How did they fixed this? Israel had to Atone for this sin with the shedding of blood.
For there to be atonement, blood had to be spilled.
Hebrews 9:22 tells us that, “Without blood there is no forgiveness.” These words sum up the atonement system that God had already establish, it said that if a man’s life was taken by another, then their life was also taken.
Atonement is defined as satisfaction or reparation for a wrong or injury. The Gibeonites were nearly wiped out by Saul. Of those who remained, inside of their hearts they were not whole. They needed justice; they needed a satisfactory end to this crime against their family. They knew God’s law and it said that without blood, there is no forgiveness.
For there to be atonement, there needs to be an agreement on what will bring satisfaction. The injured party sets the terms.
As a result of this atonement, God restores his relationship with Israel.
When we look at this we see that Atonement must come before Forgiveness. Forgiveness is the act after the shedding of blood.
Let’s look at some of the benefits of Forgiveness in 2nd Samuel 21?
Forgiveness had the opposite effect of sin.
Forgiveness affects everyone, everyone in Israel benefited from the lifting of the Famine. Lives could return to normal.
Forgiveness fades painful memories, the Gibeonites could return to their lives, knowing that God took care of the problem. Remember, they were servants of the Israelites and this wedge of sin caused strife between them.
Forgiveness opens communication with God, God heard them or responded to them now that they were in a right relationship with Him. Sin keeps us from hearing from God and God refrains from responding to us. It’s not that He can’t, it’s that He chooses not to.
This Old Testament passage reflects our position as sinners before God.
We are guilty of sin, some serious, some less serious, but all sinned just the same. Romans 3:23 says “…all have sinned and fall short of the glory of God.” In 2 Samuel 21, Saul’s seven sons were killed and hung as atonement for their father’s sin. 1 Peter 2:24 tells us that “[Jesus] himself bore our sins in his body on the tree, so that we might die to sins and live for righteousness; by his wounds you have been healed.” God’s one and only Son was hung on a tree as atonement for our sin.
Saul’s sin caused the death of his sons. Our sin caused the death of God’s only Son, the sinless one.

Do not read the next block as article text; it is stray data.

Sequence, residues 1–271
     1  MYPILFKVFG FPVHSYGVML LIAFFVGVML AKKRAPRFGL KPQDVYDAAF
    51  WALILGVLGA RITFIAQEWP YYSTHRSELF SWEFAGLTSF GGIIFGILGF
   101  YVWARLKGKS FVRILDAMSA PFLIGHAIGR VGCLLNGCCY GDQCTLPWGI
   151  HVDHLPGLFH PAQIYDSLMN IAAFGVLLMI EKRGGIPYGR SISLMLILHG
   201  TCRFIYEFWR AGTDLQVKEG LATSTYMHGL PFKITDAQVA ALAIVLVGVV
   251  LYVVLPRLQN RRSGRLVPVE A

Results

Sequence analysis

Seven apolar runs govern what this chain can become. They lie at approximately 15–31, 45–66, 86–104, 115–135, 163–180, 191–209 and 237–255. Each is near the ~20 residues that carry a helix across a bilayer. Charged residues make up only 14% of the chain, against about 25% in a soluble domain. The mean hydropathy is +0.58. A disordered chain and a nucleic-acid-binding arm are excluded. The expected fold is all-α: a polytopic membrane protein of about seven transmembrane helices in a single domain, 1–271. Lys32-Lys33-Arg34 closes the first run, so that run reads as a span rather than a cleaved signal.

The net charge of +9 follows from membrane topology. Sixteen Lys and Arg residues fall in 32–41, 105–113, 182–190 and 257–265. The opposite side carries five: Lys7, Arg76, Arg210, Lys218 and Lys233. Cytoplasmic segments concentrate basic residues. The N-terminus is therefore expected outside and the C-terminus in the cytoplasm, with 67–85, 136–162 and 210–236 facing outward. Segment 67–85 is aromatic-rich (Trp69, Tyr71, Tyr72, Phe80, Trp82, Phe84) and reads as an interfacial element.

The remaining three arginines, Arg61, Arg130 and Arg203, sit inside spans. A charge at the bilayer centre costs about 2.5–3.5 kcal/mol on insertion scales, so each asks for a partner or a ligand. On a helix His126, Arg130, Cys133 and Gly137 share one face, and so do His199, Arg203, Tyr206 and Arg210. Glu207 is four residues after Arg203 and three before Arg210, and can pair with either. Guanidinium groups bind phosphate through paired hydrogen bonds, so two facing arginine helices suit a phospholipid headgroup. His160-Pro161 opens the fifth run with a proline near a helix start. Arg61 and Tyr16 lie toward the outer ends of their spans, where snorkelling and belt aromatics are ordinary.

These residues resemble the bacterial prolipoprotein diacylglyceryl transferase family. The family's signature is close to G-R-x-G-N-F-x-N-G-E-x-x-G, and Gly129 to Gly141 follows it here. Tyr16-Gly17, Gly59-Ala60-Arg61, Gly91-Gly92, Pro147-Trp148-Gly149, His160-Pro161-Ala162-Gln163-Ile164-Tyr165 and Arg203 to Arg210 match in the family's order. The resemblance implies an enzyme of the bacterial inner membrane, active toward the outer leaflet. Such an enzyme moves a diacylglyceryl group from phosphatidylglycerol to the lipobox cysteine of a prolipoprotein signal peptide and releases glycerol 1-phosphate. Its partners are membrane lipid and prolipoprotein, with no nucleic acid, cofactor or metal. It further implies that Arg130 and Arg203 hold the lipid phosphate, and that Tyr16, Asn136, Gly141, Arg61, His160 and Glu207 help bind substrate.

2 Corinthians 5:21 “God made him who had no sin to be sin for us, so that in him we might become the righteousness of God.”
In 2nd Samuel, God accepted the seven sons of Saul as a satisfaction for Israel’s sin. In the New Testament, God accepted Jesus as the satisfaction for all mankind’s sin.
Christ’s atonement now allows for us to receive forgiveness from God.
Hebrews 9:24, “For Christ did not enter a man-made sanctuary that was only a copy of the true one; he entered heaven itself, now to appear for us in God’s presence. 25Nor did he enter heaven to offer himself again and again, the way the high priest enters the Most Holy Place every year with blood that is not his own. 26Then Christ would have had to suffer many times since the creation of the world. But now he has appeared once for all at the end of the ages to do away with sin by the sacrifice of himself. 27Just as man is destined to die once, and after that to face judgment, 28so Christ was sacrificed once to take away the sins of many people; and he will appear a second time, not to bear sin, but to bring salvation to those who are waiting for him.”
Now that we are forgiven, we are restored into a relationship with God and He secures for us an eternal home.
So what does this mean for you, for me?
Our sin has been atoned for. Jesus’ blood paid the price, the satisfying price that God demanded for all of our sins. If you don’t know Christ, then I hope you have been listening closely, because Christ forgiveness is available for your life. Romans 10:9 says “That if you confess with your mouth, “Jesus is Lord,” and believe in your heart that God raised him from the dead, you will be saved.”
For those of us who know Christ and find sin in our lives, the Bible says in 1 John 1:9 “If we confess our sins, he is faithful and just and will forgive us our sins and purify us from all unrighteousness.” For both the sinner and the saint, God’s forgiveness will change your life. You will affect those around you, your memories of sin will fade and God will show You more of Himself.